The days of the lingering, smoke-filled, three martini lunch are long over, a victim of shrinking expense accounts and greater health awareness.
The goals of the business lunch – entertaining clients, celebrating with colleagues and networking with contacts – remain the same, but there's a new emphasis on fresh, healthy, sophisticated dining.
Foodie culture has entered the boardroom, so restaurants are serving local, seasonal dishes that appeal to culinary sophisticates. While expediency and comfort remain priorities, today's business savvy restaurants are offering innovative ways for customers to dine while closing the deal.
Maybe it's an effort to forge strong bonds between colleagues or maybe it's just a fun way to get people to move beyond their boring old soup and salad (dressing on the side) ritual, but the passion for sharing plates is moving out of the tapas bars and into the business lunch.
Even in meat-mad Calgary where steak is still often the default protein, chefs such as Kaede Hirooka of the Home Tasting Room are supplementing their more traditional lunch time offerings – burger, clubhouse sandwiches, steak – with lighter, more vegetable-focused tasting plates. His red quinoa salad is loaded with pickled red onion, sunflower and pumpkin seeds, all dressed with an umami-packed miso chipotle vinaigrette, while a shredded Brussels sprouts and kale salad gets kick from candied walnuts and warm bacon vinaigrette.
Toronto's Drake One Fifty has become a favourite with the downtown business lunch crowd thanks largely to its communal dishes, including garam masala-spiced cauliflower with kale chips, and crispy artichokes with anchovy-seasoned aioli and citrus chips.
With a major renovation in 2013, Reds Wine Tavern in Toronto put a greater emphasis on casual dining to include a selection of the menu dedicated to "shareables." Today that section has become one of the restaurant's most popular with such quick and healthy international options as Thai lettuce wraps with herbs and vegetables, an avocado-spiked shrimp and scallop ceviche, and steamed edamame beans with ponzu and wasabi.
Teetotallers, or anyone needing to do actual work in the afternoon, no longer have to rely on free soda refills and endless cups of coffee to get them through business lunches. More and more restaurants are turning their creative energy to creating complex and delicious non-alcoholic beverages that go way beyond the Shirley Temple.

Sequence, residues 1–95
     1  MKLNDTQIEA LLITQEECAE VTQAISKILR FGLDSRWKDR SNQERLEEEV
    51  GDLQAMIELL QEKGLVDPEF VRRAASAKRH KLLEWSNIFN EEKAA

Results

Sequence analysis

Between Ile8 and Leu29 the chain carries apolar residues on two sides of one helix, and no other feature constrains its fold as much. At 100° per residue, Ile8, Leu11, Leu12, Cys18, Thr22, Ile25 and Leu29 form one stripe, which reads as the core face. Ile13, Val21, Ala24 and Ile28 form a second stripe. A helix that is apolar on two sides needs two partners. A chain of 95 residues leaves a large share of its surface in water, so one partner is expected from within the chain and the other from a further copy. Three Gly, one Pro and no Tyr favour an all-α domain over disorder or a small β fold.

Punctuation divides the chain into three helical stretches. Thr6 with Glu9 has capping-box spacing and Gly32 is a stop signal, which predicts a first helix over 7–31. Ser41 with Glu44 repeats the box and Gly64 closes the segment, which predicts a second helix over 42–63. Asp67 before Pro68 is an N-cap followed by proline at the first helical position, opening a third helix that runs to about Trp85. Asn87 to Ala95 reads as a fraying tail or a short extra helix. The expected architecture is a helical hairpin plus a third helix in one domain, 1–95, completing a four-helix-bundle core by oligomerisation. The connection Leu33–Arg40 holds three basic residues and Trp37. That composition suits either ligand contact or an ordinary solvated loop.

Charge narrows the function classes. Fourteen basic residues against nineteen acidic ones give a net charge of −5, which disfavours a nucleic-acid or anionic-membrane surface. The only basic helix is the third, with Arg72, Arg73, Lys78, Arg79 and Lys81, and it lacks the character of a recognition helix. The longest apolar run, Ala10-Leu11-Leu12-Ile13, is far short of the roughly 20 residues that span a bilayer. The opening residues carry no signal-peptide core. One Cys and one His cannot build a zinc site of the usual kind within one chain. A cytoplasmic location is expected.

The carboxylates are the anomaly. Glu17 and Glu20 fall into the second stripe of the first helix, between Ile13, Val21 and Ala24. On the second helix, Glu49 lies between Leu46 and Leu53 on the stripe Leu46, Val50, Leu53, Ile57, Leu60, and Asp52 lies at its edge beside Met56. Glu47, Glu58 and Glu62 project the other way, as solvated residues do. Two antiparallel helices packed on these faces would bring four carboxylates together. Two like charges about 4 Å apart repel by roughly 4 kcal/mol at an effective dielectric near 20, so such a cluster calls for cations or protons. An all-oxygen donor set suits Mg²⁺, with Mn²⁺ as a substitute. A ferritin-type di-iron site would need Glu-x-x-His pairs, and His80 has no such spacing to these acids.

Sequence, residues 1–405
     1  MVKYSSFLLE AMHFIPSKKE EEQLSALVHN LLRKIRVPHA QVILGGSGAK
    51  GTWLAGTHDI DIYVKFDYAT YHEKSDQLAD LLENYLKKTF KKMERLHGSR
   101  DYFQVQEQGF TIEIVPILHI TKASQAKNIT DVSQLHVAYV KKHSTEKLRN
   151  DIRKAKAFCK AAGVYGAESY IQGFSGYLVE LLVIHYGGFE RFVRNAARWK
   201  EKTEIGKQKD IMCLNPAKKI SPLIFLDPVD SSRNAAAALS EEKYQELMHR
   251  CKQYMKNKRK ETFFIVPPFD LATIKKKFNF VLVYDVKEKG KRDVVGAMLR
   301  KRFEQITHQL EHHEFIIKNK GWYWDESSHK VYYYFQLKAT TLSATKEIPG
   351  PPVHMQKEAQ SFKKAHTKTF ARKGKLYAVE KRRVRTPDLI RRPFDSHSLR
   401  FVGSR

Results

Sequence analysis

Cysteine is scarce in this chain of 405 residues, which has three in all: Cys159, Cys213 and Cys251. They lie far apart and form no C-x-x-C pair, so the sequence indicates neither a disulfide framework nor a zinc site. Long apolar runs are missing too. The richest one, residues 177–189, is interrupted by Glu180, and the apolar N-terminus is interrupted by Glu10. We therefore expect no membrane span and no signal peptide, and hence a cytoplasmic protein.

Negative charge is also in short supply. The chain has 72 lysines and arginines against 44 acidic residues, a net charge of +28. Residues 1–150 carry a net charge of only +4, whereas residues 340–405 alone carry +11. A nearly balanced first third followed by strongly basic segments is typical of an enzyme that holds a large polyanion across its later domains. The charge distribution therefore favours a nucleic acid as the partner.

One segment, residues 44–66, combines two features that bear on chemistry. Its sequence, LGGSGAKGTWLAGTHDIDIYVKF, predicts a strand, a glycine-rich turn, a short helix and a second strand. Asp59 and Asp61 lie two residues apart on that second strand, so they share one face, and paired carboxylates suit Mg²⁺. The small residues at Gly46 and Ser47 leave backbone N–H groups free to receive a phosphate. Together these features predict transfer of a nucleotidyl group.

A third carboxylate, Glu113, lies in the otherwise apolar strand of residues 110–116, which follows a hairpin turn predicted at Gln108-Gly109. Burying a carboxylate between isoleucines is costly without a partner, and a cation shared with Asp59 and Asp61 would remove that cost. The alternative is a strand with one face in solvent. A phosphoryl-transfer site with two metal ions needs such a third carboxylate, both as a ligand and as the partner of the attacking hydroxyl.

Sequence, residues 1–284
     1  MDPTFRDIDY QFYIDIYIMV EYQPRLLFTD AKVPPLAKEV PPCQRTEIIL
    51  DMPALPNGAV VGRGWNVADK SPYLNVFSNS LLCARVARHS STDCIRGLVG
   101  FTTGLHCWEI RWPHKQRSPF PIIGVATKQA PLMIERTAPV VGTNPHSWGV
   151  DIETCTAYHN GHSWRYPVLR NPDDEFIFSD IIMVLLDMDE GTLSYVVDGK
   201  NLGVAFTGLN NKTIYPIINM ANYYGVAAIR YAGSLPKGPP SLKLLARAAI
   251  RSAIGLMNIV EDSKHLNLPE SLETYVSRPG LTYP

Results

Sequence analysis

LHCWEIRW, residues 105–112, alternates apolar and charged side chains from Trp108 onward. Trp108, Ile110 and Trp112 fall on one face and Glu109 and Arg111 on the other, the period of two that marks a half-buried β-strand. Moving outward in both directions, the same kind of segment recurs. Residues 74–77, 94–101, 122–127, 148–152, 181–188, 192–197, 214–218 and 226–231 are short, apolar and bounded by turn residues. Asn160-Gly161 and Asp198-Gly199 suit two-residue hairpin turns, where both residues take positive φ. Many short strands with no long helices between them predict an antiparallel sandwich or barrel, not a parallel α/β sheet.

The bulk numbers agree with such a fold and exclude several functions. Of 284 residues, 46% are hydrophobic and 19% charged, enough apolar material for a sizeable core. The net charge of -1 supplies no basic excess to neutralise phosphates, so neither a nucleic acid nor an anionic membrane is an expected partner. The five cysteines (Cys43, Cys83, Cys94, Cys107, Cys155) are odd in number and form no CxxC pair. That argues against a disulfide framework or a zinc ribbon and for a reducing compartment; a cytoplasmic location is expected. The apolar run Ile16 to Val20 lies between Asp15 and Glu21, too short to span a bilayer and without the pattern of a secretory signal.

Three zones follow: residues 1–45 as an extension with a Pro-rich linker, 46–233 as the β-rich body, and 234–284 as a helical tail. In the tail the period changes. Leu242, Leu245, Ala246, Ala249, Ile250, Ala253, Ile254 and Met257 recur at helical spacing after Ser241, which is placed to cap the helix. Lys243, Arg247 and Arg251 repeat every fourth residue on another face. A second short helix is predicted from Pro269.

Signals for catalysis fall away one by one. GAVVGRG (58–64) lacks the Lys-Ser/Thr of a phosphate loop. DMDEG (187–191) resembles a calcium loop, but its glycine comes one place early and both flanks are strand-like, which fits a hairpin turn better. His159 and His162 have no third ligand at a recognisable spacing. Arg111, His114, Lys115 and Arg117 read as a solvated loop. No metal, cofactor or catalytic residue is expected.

At Nota Bene in Toronto, diners can choose between a sweet clementine-based soda or a house made take on Cherry Coke that outshines the original in every way.
Market restaurant in Vancouver's Shangri-La Hotel offers its guests a selection of homemade sodas, including cherry, chili and strawberry mint lemonade.
Cooper Tardivel, the cocktail bar and lounge manager at Hawksworth Restaurant in Vancouver, oversees one of the most sophisticated "zero-proof" cocktail menus in the country. "We see a lot more people having zero proofs," he says. "We want to offer them something that looks beautiful, but also has an actual flavour profile that you can pair with your food; it just doesn't have alcohol in it."
"Take our Yuzu iced tea, for example – organic pomegranate juice, local honey, Yuzu juice and cold brewed black tea. A great representation of how a zero-proof cocktail can be full of diverse flavours and refreshing."
Exclusive private tables
Negotiating million-dollar contracts or revealing details about corporate strategy require discretion and privacy, so no self-respecting power restaurant would be without at least one private dining room for its VIPs. Sometimes the private rooms offer the best seats in the house.
Canoe, the luxurious Oliver and Bonacini restaurant situated at the top of the Toronto-Dominion Centre in downtown Toronto, offers a pair of intimate private rooms. Masters and mistresses of the universe dine on maple whisky-cured foie gras or braised suckling pig with green tomato relish away from prying eyes while peering over the expanse of the city.
At the foot of that same tower, the chic Bymark restaurant offers a trio of private rooms that can be configured in a variety of ways. Such customization extends to chef Brooke McDougall's menus, as well. "At lunch people are on a tight time schedule," he says, "so I compose my à la carte menu, which I run for everybody, and then I have preset menus that I offer to groups larger than 12, 15 or even up to 50."
Guests of the Red Wine Room at Calgary's Catch restaurant dine, as the name suggests, surrounded by artfully displayed selections from the restaurant's substantial wine list.
The elegant Rideau Room in the back of the Shore Club in Ottawa may resemble a dining room on an elegant Art Deco ocean liner, but is outfitted with such modern amenities as AV capability, wireless Internet and a 46-inch flat screen.
Of the several private rooms at Black and Blue steakhouse in Vancouver, the most impressive features a gas fireplace surrounded by a marble mantle and a wall made of Champagne bottles.
For hard-core foodies, a business lunch is just another opportunity for a great meal. Fortunately for them, lunch is a great time to visit some of the country's best and most popular restaurants.
The lineups for dinner at Pizzeria Libretto in Toronto are legendary, but at lunch there's almost never a wait and the $15 prix fixe menu offers the same great pizza that the restaurant is famous for. Similarly, the tasting menu at legendary Milos in Montreal starts at $75, but at lunch a three-course meal that might include tuna tartar and charbroiled lamb chops is a very affordable $20. Similarly, the evening tasting menu at George at Verity in Toronto begins at more than $100 while a three-course lunch menu is less than half that.